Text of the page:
'Risky' Diabetes Drugs May Help Heart Failure

Despite Warnings, Diabetes Drugs May Lower Death Rate in People With Heart Failure

From the WebMD Archives

Feb. 9, 2005 -- Many people with ailing hearts and diabetes may be missing out on the potential benefits of two common types of diabetes drugs because the drugs are considered too risky for people with heart failure.

A new study shows that the drugs, which include a class called thiazolidinediones (such as Avandia and Actos) and metformin (sold under the names Glucophage, Fortamet, and Riomet), may reduce the risk of death by as much as 13% in people with heart failure and diabetes.

But the FDA and some health groups, including the American Heart Association and American Diabetes Association, warn against using the drugs in this high-risk group.

"We did not find any evidence of significant harm with these agents and found that patients who received prescriptions for them at hospital discharge actually had significantly lower mortality rates," says researcher Frederick Masoudi, MD, MSPH, assistant professor of medicine at Denver Health Medical Center.

But researchers say it's too soon to recommend abandoning current recommendations until further studies can confirm these results.

The FDA advises against using thiazolidinediones in people with advanced heart failure symptoms and requires a "black box" warning -- the agency's strongest type of warning -- in the drug's prescribing information. Package inserts on metformin also warn against the use of this drug in most people with heart failure.

Those warnings stem from concerns about the risk of fluid retention with thiazolidinediones, a common complication of heart failure, and lactic acidosis with metformin. Lactic acidosis is a rare but potentially fatal side effect of metformin that occurs when the tissues of the body do not get enough oxygen.

Researchers say the treatment of diabetes in people with heart failure is controversial, and doctors increasingly prescribe these "risky" drugs to patients with heart failure and diabetes despite those warnings.

Both thiazolidinediones and metformin are known as insulin-sensitizing drugs because they are thought to work by increasing the body's sensitivity to insulin, which helps regulate blood sugar levels.

Should High-Risk Patients Take the Diabetes Drugs?

Researchers say many doctors may resort to using these drugs in their high-risk patients with heart failure because the drugs have been shown to be effective in getting blood sugar levels under control. Blood sugar control may also be considered more difficult to attain with the alternatives, such as sulfonylureas and insulin injections, in people with advanced disease.

In this study, researchers followed 16,417 Medicare patients with diabetes who were discharged from the hospital after treatment for heart failure.

Researchers divided the patients into groups based on their diabetes treatments and then compared the rates of death and readmission to the hospital.

After one year of follow-up, the study showed that the risk of death from all causes was about 13% lower among the 2,226 patients who received thiazolidinediones or metformin, compared with patients who received neither drug.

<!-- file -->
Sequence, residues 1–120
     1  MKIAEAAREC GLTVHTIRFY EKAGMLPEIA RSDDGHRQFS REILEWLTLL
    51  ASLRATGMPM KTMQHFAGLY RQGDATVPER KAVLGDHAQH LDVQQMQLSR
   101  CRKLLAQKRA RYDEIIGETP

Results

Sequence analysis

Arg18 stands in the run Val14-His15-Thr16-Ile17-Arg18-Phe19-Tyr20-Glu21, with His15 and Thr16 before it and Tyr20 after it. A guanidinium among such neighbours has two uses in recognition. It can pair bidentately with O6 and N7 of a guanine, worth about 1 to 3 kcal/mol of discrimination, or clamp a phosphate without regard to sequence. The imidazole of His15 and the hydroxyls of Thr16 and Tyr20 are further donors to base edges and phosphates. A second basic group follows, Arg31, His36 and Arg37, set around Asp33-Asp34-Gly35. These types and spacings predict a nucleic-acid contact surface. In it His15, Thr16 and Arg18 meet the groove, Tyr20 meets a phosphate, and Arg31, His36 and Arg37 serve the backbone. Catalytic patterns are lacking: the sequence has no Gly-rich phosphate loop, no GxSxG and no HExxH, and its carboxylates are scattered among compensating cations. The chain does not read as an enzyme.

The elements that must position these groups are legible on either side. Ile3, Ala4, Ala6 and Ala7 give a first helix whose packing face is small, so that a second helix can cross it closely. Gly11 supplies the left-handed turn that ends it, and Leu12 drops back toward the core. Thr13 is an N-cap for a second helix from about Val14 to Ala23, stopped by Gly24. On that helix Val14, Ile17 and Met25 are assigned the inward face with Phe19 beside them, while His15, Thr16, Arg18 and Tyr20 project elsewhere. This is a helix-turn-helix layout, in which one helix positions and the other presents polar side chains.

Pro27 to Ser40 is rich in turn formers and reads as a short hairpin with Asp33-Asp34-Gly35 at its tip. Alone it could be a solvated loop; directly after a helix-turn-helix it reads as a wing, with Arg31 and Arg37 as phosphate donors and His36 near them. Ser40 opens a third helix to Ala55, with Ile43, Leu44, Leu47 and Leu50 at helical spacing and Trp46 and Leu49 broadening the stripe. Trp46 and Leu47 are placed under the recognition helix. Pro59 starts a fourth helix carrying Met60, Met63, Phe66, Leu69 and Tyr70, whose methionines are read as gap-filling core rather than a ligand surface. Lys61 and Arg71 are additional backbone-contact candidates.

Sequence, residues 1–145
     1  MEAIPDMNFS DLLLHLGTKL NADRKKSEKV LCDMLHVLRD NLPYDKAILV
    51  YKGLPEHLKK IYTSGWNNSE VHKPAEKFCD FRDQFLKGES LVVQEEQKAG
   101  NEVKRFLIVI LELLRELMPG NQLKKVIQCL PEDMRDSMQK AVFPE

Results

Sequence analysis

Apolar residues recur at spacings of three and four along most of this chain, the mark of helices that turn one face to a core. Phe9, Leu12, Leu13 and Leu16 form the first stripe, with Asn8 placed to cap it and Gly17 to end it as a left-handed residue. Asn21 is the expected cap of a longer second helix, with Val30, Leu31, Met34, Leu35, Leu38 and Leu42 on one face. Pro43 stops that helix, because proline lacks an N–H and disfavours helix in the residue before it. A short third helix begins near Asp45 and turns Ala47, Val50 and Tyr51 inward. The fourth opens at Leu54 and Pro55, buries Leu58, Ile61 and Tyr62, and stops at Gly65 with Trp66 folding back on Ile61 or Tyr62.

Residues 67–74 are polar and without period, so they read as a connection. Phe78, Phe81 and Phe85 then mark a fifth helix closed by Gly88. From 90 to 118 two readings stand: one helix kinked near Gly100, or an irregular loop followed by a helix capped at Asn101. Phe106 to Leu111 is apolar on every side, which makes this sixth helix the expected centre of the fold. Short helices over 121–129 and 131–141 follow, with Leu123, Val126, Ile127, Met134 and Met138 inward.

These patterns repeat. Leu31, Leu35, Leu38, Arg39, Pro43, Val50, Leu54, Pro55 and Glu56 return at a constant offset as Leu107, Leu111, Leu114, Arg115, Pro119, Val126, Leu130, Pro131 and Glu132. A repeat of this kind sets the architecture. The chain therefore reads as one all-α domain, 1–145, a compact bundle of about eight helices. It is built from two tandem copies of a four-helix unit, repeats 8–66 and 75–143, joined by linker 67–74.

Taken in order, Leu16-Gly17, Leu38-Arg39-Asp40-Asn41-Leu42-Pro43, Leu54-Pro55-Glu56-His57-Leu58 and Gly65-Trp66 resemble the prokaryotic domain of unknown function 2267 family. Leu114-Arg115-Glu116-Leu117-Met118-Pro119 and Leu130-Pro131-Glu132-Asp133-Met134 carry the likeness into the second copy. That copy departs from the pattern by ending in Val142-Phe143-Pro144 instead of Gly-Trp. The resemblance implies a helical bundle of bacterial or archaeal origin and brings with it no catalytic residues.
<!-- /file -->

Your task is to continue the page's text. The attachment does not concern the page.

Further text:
Researchers found a small 6% increase in the risk of readmission to the hospital for heart failure among those taking a thiazolidinediones, which researchers say may be a reflection of these drugs' propensity to cause fluid retention. The risk of hospitalization for heart failure was 8% lower among those treated with metformin.

However, there was no difference in hospital admission rates for any cause between those who received the "risky" drugs and those who didn't.

The results appear in the Feb. 8 issue of Circulation: Journal of the American Heart Association.

Too Soon to Change Recommendations

"The study highlights that there may be significant benefits of these drugs in patients with diabetes and heart failure, but we wouldn't advocate practicing outside current recommendations for use of these medications, says Masoudi. "It is a call for randomized trials in populations such as this, which are at very high risk for adverse outcomes from diabetes and from heart failure."

The study also emphasizes the importance of closely monitoring patients on thiazolidinediones.

Robert Rizza, MD, president-elect of the American Diabetes Association, agrees.

"These are provocative data that further supports the need for additional data from the ongoing randomized studies to determine whether these drugs are of value or not," says Rizza.

"These drugs have various actions, some of which may be helpful to people with heart disease, and others which may be harmful to people with heart disease," says Rizza, who is also professor of medicine at the Mayo Clinic College of Medicine in the division of endocrinology, diabetes, nutrition, and metabolism.

"When looking at population-based studies you cannot determine cause from effect, and it's not clear that there was improved survival because the people who had potentially worse outcomes were not placed on the drug because people were concerned about the action of the drug," says Rizza. "That's why additional studies are needed."

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SOURCES: Frederick Masoudi, MD, MSPH, assistant professor of medicine, Denver Health Medical Center; University of Colorado Health Sciences Center. Robert Rizza, MD, president-elect, American Diabetes Association; and professor of medicine, Mayo Clinic College of Medicine, division of endocrinology, diabetes, nutrition and metabolism. Masoudi, F. Circulation: Journal of the American Heart Association, Feb. 8, 2005; vol 111. News release, American Heart Association. WebMD Medical Reference from Healthwise: "Thiazolidinediones for type 2 diabetes." WebMD Medical News: "Diabetes Drugs Linked to Heart Failure."
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